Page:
Animal Shelter Spaying and Neutering

Is there a danger of your cat being infected with a contagious disease when attending an animal shelter for low cost spaying or neutering operations? And if so, how big is the risk? Is it bigger than at a vet’s clinic? I really don’t know the answer but it could be relevant to decision making.

This is a comment, I received today from a visitor, Marty:

I had a problem with my cats a couple of years ago and my Vet told me that it was a virus that had come out and I should not let them outside…He gave me oral imoxisillion and everything seemed to have cleared up…a couple of weeks ago I took five more to an animal shelter to get spayed and neutered and now they have the same problem including the ones that didn’t go…They sneeze and the ones with white noses look like their noses are turning brown…Do you know what this is and is it life threatening? ( note: “imoxisillion” referred to is in fact meant to be “amoxicillin”, an antibiotic)

As I understand the comment, Marty took his cats to a local shelter for cheap spaying and neutering under a “Low-cost Spay/Neuter Program”. That would seem to be the case because the job would usually take place at a veterinary clinic. I don’t know how many people do this. Marty lives in the United States.

I do know that a reasonable percentage of people take their cat to be euthanised at an animal shelter where it is done without charge as I understand it. Or perhaps a very low charge and certainly much lower than a vet’s fee.

Cheap neutering of cats
Mass spaying and neutering. Sorry, I have lost the photographers name. Probably Feral Indeed!
Until September 7th I will give 10 cents to an animal charity for every comment. It is a way to help animal welfare without much effort at no cost. Comments help this website too, which is about animal welfare.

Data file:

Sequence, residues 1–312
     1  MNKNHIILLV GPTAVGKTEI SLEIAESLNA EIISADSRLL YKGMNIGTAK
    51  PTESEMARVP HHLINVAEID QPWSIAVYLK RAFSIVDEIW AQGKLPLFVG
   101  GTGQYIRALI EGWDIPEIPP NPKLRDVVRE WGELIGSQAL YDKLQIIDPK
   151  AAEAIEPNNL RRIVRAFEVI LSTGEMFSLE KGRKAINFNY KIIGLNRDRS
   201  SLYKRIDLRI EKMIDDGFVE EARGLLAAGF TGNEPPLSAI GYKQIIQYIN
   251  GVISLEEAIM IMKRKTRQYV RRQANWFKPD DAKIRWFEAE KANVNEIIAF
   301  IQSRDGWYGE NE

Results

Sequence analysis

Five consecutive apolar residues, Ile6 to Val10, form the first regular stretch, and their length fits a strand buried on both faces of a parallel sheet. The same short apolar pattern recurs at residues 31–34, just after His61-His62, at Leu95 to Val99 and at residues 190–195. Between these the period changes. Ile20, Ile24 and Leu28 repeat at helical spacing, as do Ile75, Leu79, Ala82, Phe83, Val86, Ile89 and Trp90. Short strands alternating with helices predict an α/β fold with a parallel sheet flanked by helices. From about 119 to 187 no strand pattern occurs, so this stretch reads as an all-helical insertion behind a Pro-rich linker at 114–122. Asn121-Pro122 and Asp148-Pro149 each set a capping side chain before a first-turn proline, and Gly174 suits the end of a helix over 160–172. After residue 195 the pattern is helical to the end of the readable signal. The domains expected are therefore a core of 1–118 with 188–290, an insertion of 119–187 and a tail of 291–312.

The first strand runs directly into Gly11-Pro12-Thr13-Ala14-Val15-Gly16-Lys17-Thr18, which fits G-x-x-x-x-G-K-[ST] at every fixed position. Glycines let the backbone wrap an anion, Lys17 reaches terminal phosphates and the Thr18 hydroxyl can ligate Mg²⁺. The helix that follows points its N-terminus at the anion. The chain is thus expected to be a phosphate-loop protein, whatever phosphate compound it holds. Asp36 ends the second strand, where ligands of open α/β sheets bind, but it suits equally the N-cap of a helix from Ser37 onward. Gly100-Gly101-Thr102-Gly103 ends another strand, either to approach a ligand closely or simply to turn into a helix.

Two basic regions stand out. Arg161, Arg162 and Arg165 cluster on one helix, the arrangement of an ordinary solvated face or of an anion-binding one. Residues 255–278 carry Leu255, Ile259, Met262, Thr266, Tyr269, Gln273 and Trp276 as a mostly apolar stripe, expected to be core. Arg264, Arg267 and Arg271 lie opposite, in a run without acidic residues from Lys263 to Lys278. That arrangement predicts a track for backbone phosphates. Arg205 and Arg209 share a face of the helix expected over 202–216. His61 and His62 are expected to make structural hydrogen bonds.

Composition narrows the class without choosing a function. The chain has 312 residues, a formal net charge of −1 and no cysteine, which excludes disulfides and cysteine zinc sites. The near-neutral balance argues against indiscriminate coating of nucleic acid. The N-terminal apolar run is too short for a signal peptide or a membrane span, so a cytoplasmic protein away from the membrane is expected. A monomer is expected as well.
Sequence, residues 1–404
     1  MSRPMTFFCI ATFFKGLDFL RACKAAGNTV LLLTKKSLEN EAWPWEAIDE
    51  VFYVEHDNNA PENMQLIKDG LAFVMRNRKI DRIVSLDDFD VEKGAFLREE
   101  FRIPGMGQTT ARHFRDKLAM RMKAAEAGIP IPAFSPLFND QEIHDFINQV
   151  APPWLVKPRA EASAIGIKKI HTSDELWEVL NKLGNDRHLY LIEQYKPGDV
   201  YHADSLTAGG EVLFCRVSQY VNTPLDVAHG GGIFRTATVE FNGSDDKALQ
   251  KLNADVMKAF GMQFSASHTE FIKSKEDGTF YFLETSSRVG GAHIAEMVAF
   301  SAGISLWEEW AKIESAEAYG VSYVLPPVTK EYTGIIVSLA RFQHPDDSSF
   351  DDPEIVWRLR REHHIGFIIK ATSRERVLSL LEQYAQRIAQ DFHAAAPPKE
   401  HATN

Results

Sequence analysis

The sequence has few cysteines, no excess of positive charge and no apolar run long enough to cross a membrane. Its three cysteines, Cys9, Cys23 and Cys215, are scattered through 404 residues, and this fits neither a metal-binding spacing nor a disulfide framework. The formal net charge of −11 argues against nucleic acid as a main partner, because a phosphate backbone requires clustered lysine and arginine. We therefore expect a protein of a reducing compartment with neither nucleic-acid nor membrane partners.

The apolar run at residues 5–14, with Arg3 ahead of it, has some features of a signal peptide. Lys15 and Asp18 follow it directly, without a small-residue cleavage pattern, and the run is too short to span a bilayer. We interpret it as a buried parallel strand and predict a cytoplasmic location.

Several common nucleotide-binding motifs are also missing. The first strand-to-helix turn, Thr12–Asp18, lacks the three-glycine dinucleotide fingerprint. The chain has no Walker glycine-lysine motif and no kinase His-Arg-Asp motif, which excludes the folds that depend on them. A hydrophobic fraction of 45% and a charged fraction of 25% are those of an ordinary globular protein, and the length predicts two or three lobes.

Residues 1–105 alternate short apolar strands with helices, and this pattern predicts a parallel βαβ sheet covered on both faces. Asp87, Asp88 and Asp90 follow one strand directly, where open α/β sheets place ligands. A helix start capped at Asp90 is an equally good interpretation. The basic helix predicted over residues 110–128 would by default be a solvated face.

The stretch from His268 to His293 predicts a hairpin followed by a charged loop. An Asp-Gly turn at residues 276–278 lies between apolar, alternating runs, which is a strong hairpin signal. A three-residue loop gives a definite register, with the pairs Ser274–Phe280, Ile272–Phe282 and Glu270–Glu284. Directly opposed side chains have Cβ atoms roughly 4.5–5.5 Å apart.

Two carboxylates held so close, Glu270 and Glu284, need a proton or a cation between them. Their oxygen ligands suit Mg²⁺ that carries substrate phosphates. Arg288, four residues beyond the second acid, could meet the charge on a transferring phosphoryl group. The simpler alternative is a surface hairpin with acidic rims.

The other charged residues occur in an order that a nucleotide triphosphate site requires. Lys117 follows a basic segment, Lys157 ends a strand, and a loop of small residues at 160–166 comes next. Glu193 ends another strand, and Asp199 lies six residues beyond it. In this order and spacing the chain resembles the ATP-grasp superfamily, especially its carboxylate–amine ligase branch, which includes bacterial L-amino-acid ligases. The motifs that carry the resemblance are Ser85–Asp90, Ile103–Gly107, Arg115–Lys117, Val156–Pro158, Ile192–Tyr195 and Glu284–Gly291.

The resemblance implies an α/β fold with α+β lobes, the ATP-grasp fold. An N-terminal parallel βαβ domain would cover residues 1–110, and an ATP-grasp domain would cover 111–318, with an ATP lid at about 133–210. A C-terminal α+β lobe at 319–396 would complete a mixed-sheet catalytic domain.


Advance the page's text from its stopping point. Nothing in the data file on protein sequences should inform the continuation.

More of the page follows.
Shelter vs Vets?

The first question that comes to my mind is:

“is there a greater chance of a cat getting a viral infection when at a cat shelter for an operation rather than at a vet’s?”

The common sense answer would seem to be, Yes. Where there is a group of cats together contagious diseases are more likely to be transmitted from one cat to another. And I wonder whether the conditions are less rigorously hygienic at a shelter compared to a vet’s. It is likely that there will be more cats forced together in a confined space at an animal shelter than at a vet’s clinic. Or am I wrong on that presumption?

If I am correct the cost saving of going to a shelter might be eroded by a possible subsequent infection picked up at the shelter that needs veterinary treatment.

What is the Infection?

It might be that the cats at Marty’s home are infected but the infection is dormant and it only resurfaced after the operation. That needs to be said.

However, on the information in Marty’s comment it seems that his cats have a nasal infection. Marty says:

They sneeze and the ones with white noses look like their noses are turning brown

The nose has turned brown due to a brown nasal discharge of pus due to a secondary bacterial infection, which in turn is due to a viral respiratory infection, specifically what is called “feline viral respiratory disease complex”. That is my assessment. This is a highly contagious disease that spreads rapidly in shelters and multi-cat households.

The main viruses responsible are the herpes virus and calicivirus.

In answer to Marty’s question, this is not a life threatening illness. However, there may be a more serious underlying illness that has compromised the immune system.

I’ll stop there because this is a job for a vet. The purpose of this page was to answer Marty’s question as best I can but also ask a question: “Is it sometimes counterproductive to have cats spayed and neutered at animal rescue centers as opposed to a veterinary clinic?” I don’t have the answer.